Hey Native Instruments! Just shut up and take my money! (MASCHINE Mk3 & KOMPLETE KONTROL Mk2)

Photo of keyboard and music production drum machine.

Unified by an all-new industrial design, both units have been re-engineered to inspire and enable nonstop creativity, boasting more intuitive workflows, optimized layouts, vivid visual feedback, and deeper studio integration.

NI’s Press Release

I will tag this post in the “shut up and take my money” category! As a current MASCHINE Mk2/ KOMPLETE KONTROL S25 owner, I was not particularly interested in running out and purchasing the flagship MASCHINE Studio when it was launched back in October of 2013. I was tempted to pick up the JAM as it would have made a great companion to my MASCHINE Mk2, but it wasn’t until September 7th, 2017, when Native Instruments announced the next generation of MASCHINE and KOMPLETE KONTROL hardware, I began to take full notice. After reading the specifications and looking at NI videos online, I immediately got excited at many of the new features. The specifications are phenomenal and I will only be scratching at the surface in this blog post. With the addition of dedicated function buttons, a more ergonomic layout, a built-in audio interface, and more responsive pads, the MASCHINE Mk3 is hailed as a creators dream. For those that prefer to tickle the ivory, so to speak, the KOMPLETE KONTROL Mk2 adds Fatar semi-weighted keys with after touch. An additional 17 function buttons have been added to the Mk2 and like its counterpart, the MASCHINE Mk3, the addition of two high resolution color screens, will make browsing for patches, and auditioning sounds so much more enjoyable. When working in tandem, the screens on the Mk3 and KOMPLETE KONTROL Mk2 are independent of each other, which means you can view the screens in any sort of configuration, between the two devices. For example, you can view the sound browser or parameters on one device while looking at the mixer on the other, thus not diverting your attention from the units and relying less on your computer screen.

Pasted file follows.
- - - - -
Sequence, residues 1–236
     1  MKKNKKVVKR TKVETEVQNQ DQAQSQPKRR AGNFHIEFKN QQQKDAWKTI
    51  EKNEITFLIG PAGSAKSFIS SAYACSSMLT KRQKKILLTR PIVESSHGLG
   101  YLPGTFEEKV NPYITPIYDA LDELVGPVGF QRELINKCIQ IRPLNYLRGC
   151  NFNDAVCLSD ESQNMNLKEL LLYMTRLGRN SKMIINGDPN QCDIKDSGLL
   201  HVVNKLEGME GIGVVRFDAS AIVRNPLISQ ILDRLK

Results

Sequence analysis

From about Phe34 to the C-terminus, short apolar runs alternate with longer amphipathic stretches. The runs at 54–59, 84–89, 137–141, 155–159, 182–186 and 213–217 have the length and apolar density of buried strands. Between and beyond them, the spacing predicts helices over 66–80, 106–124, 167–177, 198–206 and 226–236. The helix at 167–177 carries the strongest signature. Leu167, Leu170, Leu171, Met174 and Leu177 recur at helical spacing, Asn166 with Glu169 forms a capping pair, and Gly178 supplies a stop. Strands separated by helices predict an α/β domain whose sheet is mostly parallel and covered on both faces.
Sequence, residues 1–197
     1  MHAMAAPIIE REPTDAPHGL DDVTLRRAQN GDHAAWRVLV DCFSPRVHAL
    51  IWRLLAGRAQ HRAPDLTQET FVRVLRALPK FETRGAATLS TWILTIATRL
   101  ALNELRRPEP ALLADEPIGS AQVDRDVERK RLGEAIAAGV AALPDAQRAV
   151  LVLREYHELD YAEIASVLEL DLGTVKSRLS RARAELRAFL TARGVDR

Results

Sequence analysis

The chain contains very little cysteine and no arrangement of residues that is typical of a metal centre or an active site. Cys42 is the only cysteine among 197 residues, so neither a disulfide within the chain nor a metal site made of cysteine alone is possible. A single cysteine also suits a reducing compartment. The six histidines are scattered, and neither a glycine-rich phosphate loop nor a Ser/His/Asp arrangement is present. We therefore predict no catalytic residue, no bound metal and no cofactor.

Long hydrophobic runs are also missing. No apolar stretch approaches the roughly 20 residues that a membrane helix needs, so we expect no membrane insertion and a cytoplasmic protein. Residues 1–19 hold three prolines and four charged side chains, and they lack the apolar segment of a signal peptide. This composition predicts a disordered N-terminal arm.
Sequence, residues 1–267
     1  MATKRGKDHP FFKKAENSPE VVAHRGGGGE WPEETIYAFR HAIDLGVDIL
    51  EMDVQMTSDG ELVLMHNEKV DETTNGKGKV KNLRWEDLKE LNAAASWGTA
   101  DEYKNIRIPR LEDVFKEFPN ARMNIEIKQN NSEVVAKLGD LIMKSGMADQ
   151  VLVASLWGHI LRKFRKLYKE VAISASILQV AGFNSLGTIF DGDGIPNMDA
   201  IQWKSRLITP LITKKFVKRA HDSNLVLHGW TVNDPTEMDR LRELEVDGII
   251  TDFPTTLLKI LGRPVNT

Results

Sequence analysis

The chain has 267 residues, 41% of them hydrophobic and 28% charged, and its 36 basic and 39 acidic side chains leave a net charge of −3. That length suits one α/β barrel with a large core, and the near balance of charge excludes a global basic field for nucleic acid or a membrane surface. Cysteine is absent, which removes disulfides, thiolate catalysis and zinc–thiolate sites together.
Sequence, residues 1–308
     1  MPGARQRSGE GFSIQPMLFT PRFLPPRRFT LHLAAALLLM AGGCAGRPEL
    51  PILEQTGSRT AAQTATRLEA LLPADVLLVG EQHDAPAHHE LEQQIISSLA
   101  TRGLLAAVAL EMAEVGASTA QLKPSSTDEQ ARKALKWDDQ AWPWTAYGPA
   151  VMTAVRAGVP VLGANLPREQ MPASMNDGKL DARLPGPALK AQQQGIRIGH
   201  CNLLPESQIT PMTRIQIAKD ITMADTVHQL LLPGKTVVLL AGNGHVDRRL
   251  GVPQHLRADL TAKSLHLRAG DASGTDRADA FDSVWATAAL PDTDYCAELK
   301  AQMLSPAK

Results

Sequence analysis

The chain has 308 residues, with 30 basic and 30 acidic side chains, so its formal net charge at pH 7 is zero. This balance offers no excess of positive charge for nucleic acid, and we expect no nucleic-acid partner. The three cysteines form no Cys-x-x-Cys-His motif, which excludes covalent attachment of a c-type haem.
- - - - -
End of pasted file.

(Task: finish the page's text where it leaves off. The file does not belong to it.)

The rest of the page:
A photo of Native Instrument's new MIDI music controller called Maschine mk3. It has colorful pads and dual monitor screens.

New to the MASCHINE Mk3 hardware, are revamped touch sensitive display knobs for improved on the fly tweaking, selecting tag clouds, and various pop up list. With the addition of dedicated mode buttons for pad, keyboard, chords, and step, you no longer have to hold shift when selecting these functions. For you finger drummers out there, the familiar 16 colorful pads are now larger and ultra-sensitive for boosted response and performance. One particular function I am very excited about is the 4-directional push encoder, which enables you to browse for sounds and navigate windows and functions, by rotation or tabbing left/ right, up/ down. Previously you were limited to a clockwise, counterclockwise and a push encoder on the MASCHINE Mk2, and a jog wheel on the MASCHINE Studio. The addition of a smart strip enables the user to tweak FX and strum notes for enhanced performance and a slightly more natural feeling with string instruments in the NI library. Furthermore, the addition of a built-in 96kHz, 24-Bit audio interface eliminates the need for a dedicated audio interface or using the 1/8″ phono plug or headphone port on your computer. The microphone/ line input expands the MASCHINE Mk3 capabilities when sampling, recording vocals, instruments and ambient sounds. I was however, hoping for more of a MPC style portability, with perhaps some sort of internal drive in which data can be merged between the MASCHINE software on your computer and the Mk3 unit, for a true on the go experience.

A rear view of Native Instruments new MIDI music interface. There are several audio ports on the back.